The structural components and connections of the aluminum geodesic dome roof are lightweight extrusions fabricated from 6061-T6 or other recognized alloy like 6005A-T6 aluminum alloy. 6061-T6 and 6005A-T6 have the same minimum strength properties. 6005A-T6 is a relatively new alloy that has some advantages over 6061-T6. The main advantages are a better finish, less sensitive timeframe to quench after extruding, and its ability to be air quenched instead of water quenched for most extrusion sizes. Finally, it costs a little less, mainly due to the easier quenching process for the extruder.  This aluminum dome beam extrusion is typical. Note the protrusions on the top. The protrusions are the attachments for the dome panels and batten bar. The batten bar

Holds the dome panels in place and is attached by a ¼” tri-lobe screw in the slot at the center of the beam. The flange stiffeners at the end of each flange are typical for a thin-wall beam extrusion. The flange stiffeners increase the allowable compression and bending in a thin-wall shape by about 20-25%. They also increase the weak-axis moment of inertia, section modulus

and radius of gyration without increasing the width of the beam. They are not needed on thicker shapes. The protrusion on the top of the beam must be milled or cut back to allow the beam to bolt to the connection hub.. The triangular non-structural panels are cut to size, formed from series 3000 or 5000 aluminum sheet with a minimum nominal thickness of 1.20mm (0.050 in.).


The hubs are the connections where the beams are joined. The hub is a circular dish with a center hole punched for placing on the forming die to coin the angle needed from the dish. The center hole is tapped on the top hub for attaching the hub cover. There are four possible common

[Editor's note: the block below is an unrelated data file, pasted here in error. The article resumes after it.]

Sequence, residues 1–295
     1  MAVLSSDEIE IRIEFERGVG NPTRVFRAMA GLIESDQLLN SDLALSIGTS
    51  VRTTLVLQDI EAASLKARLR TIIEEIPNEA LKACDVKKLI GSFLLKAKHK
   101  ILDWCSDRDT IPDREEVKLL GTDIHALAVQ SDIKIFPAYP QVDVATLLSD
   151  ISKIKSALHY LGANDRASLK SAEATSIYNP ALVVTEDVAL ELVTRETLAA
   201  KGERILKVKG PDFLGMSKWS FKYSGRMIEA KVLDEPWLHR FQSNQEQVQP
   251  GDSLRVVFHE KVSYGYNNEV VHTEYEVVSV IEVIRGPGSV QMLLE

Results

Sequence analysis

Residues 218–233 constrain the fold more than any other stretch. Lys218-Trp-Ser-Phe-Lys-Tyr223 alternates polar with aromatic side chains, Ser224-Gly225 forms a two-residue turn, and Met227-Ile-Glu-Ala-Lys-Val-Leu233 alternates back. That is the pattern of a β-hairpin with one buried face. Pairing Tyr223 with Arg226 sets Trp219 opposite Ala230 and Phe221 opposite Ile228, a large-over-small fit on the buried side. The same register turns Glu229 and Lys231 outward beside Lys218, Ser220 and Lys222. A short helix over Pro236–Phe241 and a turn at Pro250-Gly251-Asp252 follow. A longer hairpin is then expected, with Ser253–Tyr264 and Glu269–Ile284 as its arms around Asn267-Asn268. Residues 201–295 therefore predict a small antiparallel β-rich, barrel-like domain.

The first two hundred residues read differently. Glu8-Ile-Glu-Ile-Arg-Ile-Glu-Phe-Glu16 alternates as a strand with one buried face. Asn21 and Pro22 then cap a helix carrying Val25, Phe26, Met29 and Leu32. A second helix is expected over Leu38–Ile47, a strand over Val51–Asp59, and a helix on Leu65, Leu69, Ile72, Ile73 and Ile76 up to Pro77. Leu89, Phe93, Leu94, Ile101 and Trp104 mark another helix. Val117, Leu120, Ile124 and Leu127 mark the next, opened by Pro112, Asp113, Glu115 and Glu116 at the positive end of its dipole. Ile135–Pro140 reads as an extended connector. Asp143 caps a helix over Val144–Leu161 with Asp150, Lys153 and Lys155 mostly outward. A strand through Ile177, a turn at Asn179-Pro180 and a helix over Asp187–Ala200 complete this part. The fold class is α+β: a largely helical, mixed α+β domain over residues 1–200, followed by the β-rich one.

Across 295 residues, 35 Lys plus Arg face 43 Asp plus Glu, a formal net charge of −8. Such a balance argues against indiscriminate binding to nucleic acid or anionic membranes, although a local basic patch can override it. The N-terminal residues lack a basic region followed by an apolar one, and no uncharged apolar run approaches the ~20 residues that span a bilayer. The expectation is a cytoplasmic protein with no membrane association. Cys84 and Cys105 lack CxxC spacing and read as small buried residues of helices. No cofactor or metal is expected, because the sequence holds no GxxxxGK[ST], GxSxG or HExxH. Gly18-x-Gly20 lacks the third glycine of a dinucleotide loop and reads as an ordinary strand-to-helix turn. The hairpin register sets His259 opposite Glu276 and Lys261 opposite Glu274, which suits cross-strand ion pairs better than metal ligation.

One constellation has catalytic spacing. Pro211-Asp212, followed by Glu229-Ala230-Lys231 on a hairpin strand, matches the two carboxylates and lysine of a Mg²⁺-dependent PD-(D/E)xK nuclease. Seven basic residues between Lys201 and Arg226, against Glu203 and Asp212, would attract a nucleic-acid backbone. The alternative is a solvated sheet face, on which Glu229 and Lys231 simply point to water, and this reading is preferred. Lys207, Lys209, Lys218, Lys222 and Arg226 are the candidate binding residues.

Aluminum materials that can be used for the hubs: 6061-T6 extruded flat bar, 6063-T6 extruded

Flat bar, 6061-T6 hot rolled plate and 5052-H34 hot rolled plate.

All bolting and fasteners are either:

• 7075-T73 aluminum,

• 2024-T4 aluminum; or

• Austenitic stainless steel.

Only austenitic stainless steel fasteners are acceptable when attaching aluminum to steel.

The gasket and sealing materials shall be compatible with the stored product and remain flexible over a temperature range of -60°C to +150°C (-80°F to +300°F) without tearing, cracking or becoming brittle.

API-650, Appendix G Design Requirements:

This appendix of the American Petroleum Institute’s (API) aboveground storage tank design code, API-650 establishes the minimum criteria for the design, fabrication and erection of structurally supported aluminum dome roofs. API’s definition of a structurally supported dome roof is that the roof is a fully triangulated aluminum space truss with the struts joined at points arrayed on the surface of a sphere. Aluminum closure panels are firmly attached to the frame members. The roof is attached to and supported by the tank at mounting points equally spaced around the perimeter of the tank. Further minimum design criteria include: